Wahlstrom v. Monk et al, No. 2:2015cv14113 - Document 57 (E.D. Mich. 2017)

Court Description: ORDER denying 38 Motion for Partial Summary Judgment. Signed by District Judge Denise Page Hood. (JOwe)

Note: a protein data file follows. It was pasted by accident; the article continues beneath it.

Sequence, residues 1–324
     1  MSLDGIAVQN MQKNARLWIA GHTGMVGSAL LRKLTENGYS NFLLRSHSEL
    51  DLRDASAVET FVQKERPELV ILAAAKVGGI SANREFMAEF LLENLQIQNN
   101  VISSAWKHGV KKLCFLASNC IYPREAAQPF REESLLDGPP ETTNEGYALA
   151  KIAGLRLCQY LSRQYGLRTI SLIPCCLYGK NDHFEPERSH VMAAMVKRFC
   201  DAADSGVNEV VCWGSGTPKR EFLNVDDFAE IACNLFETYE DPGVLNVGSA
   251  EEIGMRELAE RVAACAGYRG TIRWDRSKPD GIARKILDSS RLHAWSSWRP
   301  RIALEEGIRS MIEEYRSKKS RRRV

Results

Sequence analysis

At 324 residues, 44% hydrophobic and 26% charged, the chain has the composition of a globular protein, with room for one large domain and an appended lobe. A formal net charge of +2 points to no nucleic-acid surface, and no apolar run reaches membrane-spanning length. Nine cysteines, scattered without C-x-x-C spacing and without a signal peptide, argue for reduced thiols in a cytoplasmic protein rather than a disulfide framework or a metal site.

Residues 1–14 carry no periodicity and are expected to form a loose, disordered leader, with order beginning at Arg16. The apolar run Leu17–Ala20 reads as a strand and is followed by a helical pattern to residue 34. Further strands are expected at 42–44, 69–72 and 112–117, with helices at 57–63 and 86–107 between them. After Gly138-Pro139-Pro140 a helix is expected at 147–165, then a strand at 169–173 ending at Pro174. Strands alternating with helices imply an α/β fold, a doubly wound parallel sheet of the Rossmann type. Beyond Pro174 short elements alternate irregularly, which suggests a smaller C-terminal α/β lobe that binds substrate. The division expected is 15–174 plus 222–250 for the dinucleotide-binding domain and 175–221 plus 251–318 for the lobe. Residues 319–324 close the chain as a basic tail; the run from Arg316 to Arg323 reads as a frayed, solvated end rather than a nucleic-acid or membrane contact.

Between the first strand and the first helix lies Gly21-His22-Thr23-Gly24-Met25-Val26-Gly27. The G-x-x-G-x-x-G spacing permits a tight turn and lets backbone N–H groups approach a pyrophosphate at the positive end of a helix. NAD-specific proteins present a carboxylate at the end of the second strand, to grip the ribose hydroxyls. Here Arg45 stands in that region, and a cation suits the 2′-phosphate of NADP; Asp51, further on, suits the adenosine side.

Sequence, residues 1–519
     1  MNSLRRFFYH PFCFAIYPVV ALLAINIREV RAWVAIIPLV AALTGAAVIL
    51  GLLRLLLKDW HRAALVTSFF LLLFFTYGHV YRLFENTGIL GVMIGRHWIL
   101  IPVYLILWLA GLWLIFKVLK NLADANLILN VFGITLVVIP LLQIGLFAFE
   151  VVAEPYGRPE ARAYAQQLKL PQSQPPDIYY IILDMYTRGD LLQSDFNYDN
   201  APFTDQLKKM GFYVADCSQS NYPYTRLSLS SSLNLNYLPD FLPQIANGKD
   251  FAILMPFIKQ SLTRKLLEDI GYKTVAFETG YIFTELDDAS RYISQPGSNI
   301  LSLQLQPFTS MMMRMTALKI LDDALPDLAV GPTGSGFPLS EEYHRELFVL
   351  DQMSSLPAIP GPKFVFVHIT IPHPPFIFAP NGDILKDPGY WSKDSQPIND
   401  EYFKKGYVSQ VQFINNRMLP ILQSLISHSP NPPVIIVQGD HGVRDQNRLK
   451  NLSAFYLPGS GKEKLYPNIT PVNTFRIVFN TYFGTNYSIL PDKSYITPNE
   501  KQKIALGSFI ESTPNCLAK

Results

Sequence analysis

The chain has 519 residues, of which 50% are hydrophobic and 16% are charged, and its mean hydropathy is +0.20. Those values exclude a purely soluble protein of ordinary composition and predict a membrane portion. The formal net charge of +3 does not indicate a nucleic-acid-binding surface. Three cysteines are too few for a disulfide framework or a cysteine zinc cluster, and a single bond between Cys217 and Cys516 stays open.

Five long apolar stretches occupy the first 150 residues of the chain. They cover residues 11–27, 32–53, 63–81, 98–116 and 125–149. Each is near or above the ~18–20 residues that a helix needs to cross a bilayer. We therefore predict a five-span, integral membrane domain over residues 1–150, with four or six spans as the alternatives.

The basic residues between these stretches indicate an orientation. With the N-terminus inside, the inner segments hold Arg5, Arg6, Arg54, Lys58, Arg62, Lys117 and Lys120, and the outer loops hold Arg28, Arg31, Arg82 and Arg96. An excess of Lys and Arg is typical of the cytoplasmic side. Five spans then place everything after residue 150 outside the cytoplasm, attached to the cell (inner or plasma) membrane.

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Wahlstrom v. Monk et al Doc. 57 UNITED STATES DISTRICT COURT EASTERN DISTRICT OF MICHIGAN SOUTHERN DIVISION DEBORAH WAHLSTROM, Plaintiff, Case No. 15-14113 HON. DENISE PAGE HOOD v. SUCCESSLINE, INC., JASON MONK, EDWARD BURLEY, GLENN VOORHESS, JEANINE WALKER, MOUNT CLEMENS COMMUNITY SCHOOLS BOARD OF TRUSTEES, Defendants. __________________________________/ ORDER DENYING MOTION FOR PARTIAL SUMMARY JUDGMENT [#38] I. INTRODUCTION On November 23, 2015, Plaintiff Deborah Wahlstrom (“Wahlstrom”) filed the instant action for: (1) tortious interference with an advantageous business relationship or expectancy (the “tortious interference claim”), (2) violations of Michigan’s Open Meetings Act, and (3) civil conspiracy, all stemming from her termination as Superintendent of the Mount Clemens Community School District (the “District”). In November 2015, Wahlstrom moved for, and the Court granted her, leave to amend 1 Dockets.Justia.com her Complaint to add a second Plaintiff, Successline, Inc. (“Successline”). Plaintiffs filed their Amended Complaint on December 2, 2016. On December 16, 2016, Defendants filed a Motion for Partial Summary Judgment, Dkt. No. 38, seeking dismissal of the tortious interference claim with respect to Wahlstrom only. Defendants’ Motion for Partial Summary Judgment has been fully briefed and the Court held a hearing on February 15, 2017. For the reasons that follow, Defendants’ Motion for Partial Summary Judgment is denied. II. STATEMENT OF FACTS Wahlstrom is the co-owner of Successline, a Virginia corporation that provides educational consultation services. For the time period relevant to this action, Successline’s only functions were to provide: (1) the services of Wahlstrom as the Superintendent of the District, and (2) a means for Wahlstrom to receive payment from the District. Successline and the District entered a Professional Services Agreement (the “Agreement”) on August 1, 2014. The Agreement was the third 12-month contract that the parties had executed, as the parties had renewed both an initial contract (from August 1, 2012 to July 31, 2013) and a second contract (from August 1, 2013 to July 31, 2014) providing for Wahlstrom’s services as Superintendent of the District. The Agreement provided, in part, follows: 2 1. Employment - Successline Inc. shall provide the services of Deborah Wahlstrom, PhD, (hereinafter “Superintendent”) to perform the normal and customary duties and responsibilities of Superintendent of Schools as well as the Curriculum Leader for the School District. It is expressly understood that the Superintendent is an employee of Successline, Inc. ***** 3. Duties and Responsibilities - The Superintendent further agrees to devote her talents, skills, efforts and abilities toward competently and proficiently fulfilling all duties assigned by the Board of Education. Further, the Superintendent agrees to comply with and fulfill all responsibilities and tasks required by state and federal law and regulations and by the Board of Education to carry out the educational programs and policies of the School District during the entire term of the Contract. Further, the Superintendent pledges to use her best efforts to maintain and improve the quality of the operation of the School District and constantly promote efficiency in all areas of her responsibility. ***** 6. Length of Contract/Extension - This contract shall commence on August 1, 2014, upon agreement by the Board of Education of the School District and Successline, Inc. and terminate on July 31, 2015. The contract may be extended for additional periods of time as agreed upon by the parties. In the event the contract is not renewed[,] the Board of Education will provide a ninety (90) calendar day notice. Further, if the decision by the Board of Education, in its sole discretion, is made not to renew the contract and the contract will expire in less than ninety (90) days, the contract will automatically be extended by the number of days equal to ninety (90) days prior to expiration. ***** 3 Dkt. No. 38, Ex. B, ¶¶ 1, 3, 6, at PgID 494-95. As Superintendent, Wahlstrom also was “expected to attend meetings of the Board of Education and its committees and to attend and participate in School District functions or, on occasion, other civic activities having relation to the School District,” without receiving any additional compensation. Dkt. No. 38, Ex. B, ¶ 7, at PgID 496. On or about April 13, 2015, Deborah Wahlstrom received an anonymous letter jointly addressed to her, the District’s Board of Trustees (the “Board”), the “Mount Clemens High School Administration,” and Mitch Hotts, a reporter for the Macomb Daily newspaper. This letter sought to “expose some unethical and illegal practices that are taking place at Mount Clemens High School,” which allegedly included Defendant Jason Monk’s management of the Mount Clemens Athletic Booster Club (“Booster Club”), his selling of food from his own restaurant at sporting events under the guise of raising money for the Booster Club, his lack of a permit or license from the City of Mount Clemens or its Health Department to sell such food, and various other allegations of conflicts of interest and nepotism related to Defendant Monk’s coaching of the high school girls’ volleyball and basketball teams (the “Anonymous Allegations”). In response to the Anonymous Allegations, Wahlstrom issued a memorandum to all members of the Board, including a copy of a cease and desist letter to the 4 Booster Club instructing it to cease using the Mount Clemens High School name, logo, and likeness in the organization’s fundraising. A press release prepared by Wahlstrom also appeared in Mitch Hotts’ July 5, 2015 investigative article in the Macomb Daily. The investigative article addressed the Anonymous Allegations and the lack of authorization to Defendant Monk from the District to affiliate the Booster Club, as he had recently re-organized or re-established it. On or about June 30, 2015, the members of the Board reviewed Wahlstrom’s performance and she received, in Plaintiffs’ words, an “overwhelmingly” positive review. Dkt. No. 43, Ex. B (“‘She had a 2.8 out of 4 in her evaluation,’ [Board President Earl] Rickman said. ‘So she wasn’t let go based on her accomplishing goals or anything like that. It must have been something other than those elements.’”). On July 6, 2015, all Defendants (4 of the 7 Board members) voted against the renewal of the Agreement, and Wahlstrom’s employment with the District concluded in October 2015. Plaintiff alleges that, in response to and retaliation for Wahlstrom’s good faith efforts to follow the law, her resistance and refusal to condone Defendant Monk’s improper scheme, and speaking publicly on issues of importance to the community, Defendant Monk and the other individual Defendants joined together to oust her as Superintendent of the District. III. APPLICABLE LAW 5 A. Rule 12(b)(6) A Rule 12(b)(6) motion to dismiss tests the legal sufficiency of the plaintiff’s complaint. Accepting all factual allegations as true, the court will review the complaint in the light most favorable to the plaintiff. Eidson v. Tennessee Dep’t of Children’s Servs., 510 F.3d 631, 634 (6th Cir. 2007). As a general rule, to survive a motion to dismiss, the complaint must state sufficient “facts to state a claim to relief that is plausible on its face.” Bell Atlantic Corp. v. Twombly, 550 U.S. 544, 570 (2007). The complaint must demonstrate more than a sheer possibility that the defendant’s conduct was unlawful. Id. at 556. Claims comprised of “labels and conclusions, and a formulaic recitation of the elements of a cause of action will not do.” Id. at 555. Rather, “[a] claim has facial plausibility when the plaintiff pleads factual content that allows the court to draw the reasonable inference that the defendant is liable for the misconduct alleged.” Ashcroft v. Iqbal, 556 U.S. 662, 678 (2009). B. Rule 56 Rule 56(a) of the Rules of Civil Procedures provides that the court “shall grant summary judgment if the movant shows that there is no genuine dispute as to any material fact and the movant is entitled to judgment as a matter of law.” Fed. R. Civ. P. 56(a). The presence of factual disputes will preclude granting of summary 6 judgment only if the disputes are genuine and concern material facts. Anderson v. Liberty Lobby, Inc., 477 U.S. 242, 248 (1986). A dispute about a material fact is “genuine” only if “the evidence is such that a reasonable jury could return a verdict for the nonmoving party.” Id. Although the Court must view the motion in the light most favorable to the nonmoving party, where “the moving party has carried its burden under Rule 56(c), its opponent must do more than simply show that there is some metaphysical doubt as to the material facts.” Matsushita Electric Industrial Co. v. Zenith Radio Corp., 475 U.S. 574, 586 (1986); Celotex Corp. v. Catrett, 477 U.S. 317, 323-24 (1986). Summary judgment must be entered against a party who fails to make a showing sufficient to establish the existence of an element essential to that party's case, and on which that party will bear the burden of proof at trial. In such a situation, there can be “no genuine issue as to any material fact,” since a complete failure of proof concerning an essential element of the nonmoving party's case necessarily renders all other facts immaterial. Celotex Corp., 477 U.S. at 322-23. A court must look to the substantive law to identify which facts are material. Anderson, 477 U.S. at 248. IV. ANALYSIS Defendants contend that Wahlstrom’s tortious interference claim fails as a matter of law because she never had a contractual relationship with the District and 7 cannot establish any reasonable likelihood or probability of a continued business relationship or expectancy of such a relationship after July 31, 2015. The elements of a tortious interference claim are: (1) the existence of a valid business relationship or expectancy that is not necessarily predicated on an enforceable contract, (2) knowledge of the relationship or expectancy on the part of the defendant interferer, (3) an intentional interference by the defendant inducing or causing a breach or termination of the relationship or expectancy, and (4) resulting damage to the party whose relationship or expectancy was disrupted. See, e.g., Health Call of Detroit v. Atrium Home & Health Care Servs., Inc., 268 Mich.App. 83, 89-90 (2005); Badiee v. Brighton Area Schs., 265 Mich.App. 343, 365-66 (2005). “The [business relationship or expectancy of a relationship] must be a reasonable likelihood or a probability, not mere wishful thinking.” Trepel v. Pontiac Osteo. Hosp., 135 Mich.App. 361, 368 (1984). Defendants challenge only whether Plaintiffs can satisfy the first element as it relates to Wahlstrom. Defendants argue that “it is not disputed” that Wahlstrom did not have a contract with the District. Defendants contend that the only relevant contract was between Successline and the District and that it was for a specific period that ended on July 31, 2015. Defendants do not cite any authority that supports the proposition 8 that Wahlstrom had to be a party to an existing contract as a prerequisite to a valid tortious interference claim. Plaintiffs respond that Defendants’ argument ignores that a tortious interference claim does not require the existence of a contract between the parties. Plaintiffs cite the Baidee case for the proposition that “the business relationship or expectancy with which the defendant(s) interfered does ‘not [have to be] necessarily predicated on an enforceable contract.” Baidee, 265 Mich.App. at 365-66 (emphasis in Plaintiffs’ brief). Defendants do not expressly challenge that argument. And, in addition to the language in Baidee (and Health Call), the fact that there are two distinct claims under Michigan law – a claim for tortious interference with a contract and a claim for tortious interference with a business relationship or expectancy – supports the conclusion that it is irrelevant whether Wahlstrom had an enforceable contract with the District. Plaintiffs assert that, even though the Agreement was between the District and Successline, Wahlstrom could still have a valid business relationship or expectancy related to her continued employment as Superintendent. Plaintiffs argue that Defendants have provided no authority to support their argument that a person who provides personal services cannot maintain a tortious interference claim against a set of defendants because another contract is in existence. 9 Plaintiffs state that purpose of the Agreement was for the District, through Successline, to employ Wahlstrom as Superintendent. Plaintiffs rely on the fact that the Agreement specifically states that: (a) Wahlstrom is the person who will serve as the Superintendent (as opposed to Successline supplying a person to serve as superintendent), and (b) if Michigan law is determined to bar the employment of a person through a third party, then the Agreement would be null and void and the District would “then attempt to negotiate an agreement with the Superintendent [Wahlstrom] which is mutually acceptable.” Dkt. No. 38, Ex. B, ¶ 14 at PgID 498. Plaintiffs further rely on Michigan statutes that identify certain requirements that a superintendent must satisfy. Those statutes set forth requirements that only an individual such as Wahlstrom–and not a corporation such as Successline–could satisfy. Citing M.C.L. § 380.1 et seq. (including M.C.L. §§ 380.1229 and 380.1246 (which requires that the superintendent have completed continuing education requirements and possess a valid Michigan school administrator’s certificate)). Plaintiffs propose that the economic realities test supports a finding that Wahlstrom has the relationship with the District. Under the economic realities test, a court must look at the totality of the circumstances surrounding the performed work when assessing: (1) the control of the worker’s duties; (2) the payment of wages; (3) the right to hire, fire, and the maintenance of discipline; and (4) the performance of 10 the duties as an integral part of the employer’s business toward the accomplishment of a common goal. Choate v. Landis Tool Co., 486 F.Supp. 774, 777 (E.D. Mich. 1980) (citing Askew v. Macomber, 247 N.W.2d 288 (Mich. 1976)). Plaintiffs similarly assert that the District was her employer, along with Successline, under a joint-employer theory. An entity is the joint-employer of another entity’s formal employee(s) if the two entities “share or co-determine those matters governing essential terms and conditions of employment,” Carrier Corp. V. NLRB, 768 F.2d 778, 781 (6th Cir. 1985), particularly the ability to hire, fire, discipline, affect compensation and benefits, and direct and supervise performance of that employee. Citing Sanford v. Main St. Baptist Church Manor, Inc., 327 F. App’x 587, 595 (6th Cir. 2009). Plaintiffs contends that: (a) the District controlled Wahlstrom’s duties, as described in Paragraph 1 of the Agreement, (b) Wahlstrom was obligated to carry out the programs and policies of the District, in accord with Paragraph 3 of the Agreement, (c) Wahlstrom had other obligations in and for the District, pursuant to Paragraph 7 of the Agreement, (d) the District had the power to terminate Wahlstrom, pursuant to Paragraph 13 of the Agreement, (e) Wahlstrom had the power to hire, fire, and discipline subordinate District employees, which included Defendant Monk as the coach of the girls’ high school basketball team (to whom Wahlstrom issued a 11 written reprimand), and (f) the performance of Wahlstrom’s duties was essential to the operation of the District. Plaintiffs state that the District, along with Successline, “co-determined” the essential terms and conditions of her position as Superintendent of the District. As Wahlstrom is the co-owner (along with her husband) of Successline, it is fair to say that the District, not Successline, was dictating the terms of her service for the District. As Plaintiffs argue, at a minimum, whether the District exercised sufficient control over her to be deemed a joint employer with Successline is a question of fact for the jury. Citing EEOC v. Regency Windsor Mgmt. Co., 862 F.Supp. 189, 191 (W.D. Mich. 1994); Boire v. Greyhound Corp., 376 U.S. 473, 481 (1964). For the reasons stated above, the Court finds that Wahlstrom has presented evidence that she had a business relationship with the District. Defendants also suggest that there was no “reasonable likelihood” or probability of a future relationship between Wahlstrom and the District after July 31, 2015, because, by its terms, the Agreement terminated on that date. Defendant contends that, even if there could be an expectancy of the extension of the Agreement, the expectancy was Successline’s because it was the party that executed the Agreement and had a relationship with the District. It is undisputed that, as of July 31, 2015, (a) Wahlstrom had served as 12 Superintendent of the District for three years, (b) the parties to the Agreement had twice renewed a 12-month contract for her services, and (c) Wahlstrom had received a rating of 2.8 out 4 on or about June 30, 2015, which was a favorable review according to Board President Earl Rickman. Dkt. No. 43, Ex. B at PgID 543. As Mr. Rickman stated, Wahlstrom “wasn’t let go based on her accomplishing goals or anything like that. It must have been something other than those elements.” Id. Evidence in the record reflects the quality of Wahlstrom’s evaluation, Mr. Rickman’s statements, the timing of Wahlstrom’s reprimand of Defendant Monk, and the other actions she took following the publication of the Anonymous Allegations and the investigative article. The Court concludes that those events establish a genuine dispute of material fact whether there was a reasonable likelihood or probability that Wahlstrom would continue to have a business relationship with the District (serving as its Superintendent) after July 31, 2015, but for the actions of the individual Defendants. 13 V. CONCLUSION For the reasons set forth above, IT IS ORDERED that Defendants’ Motion for Partial Summary Judgment [#38] is DENIED. IT IS ORDERED. S/Denise Page Hood Denise Page Hood Chief Judge, United States District Court Dated: May 31, 2017 I hereby certify that a copy of the foregoing document was served upon counsel of record on May 31, 2017, by electronic and/or ordinary mail. S/LaShawn R. Saulsberry Case Manager 14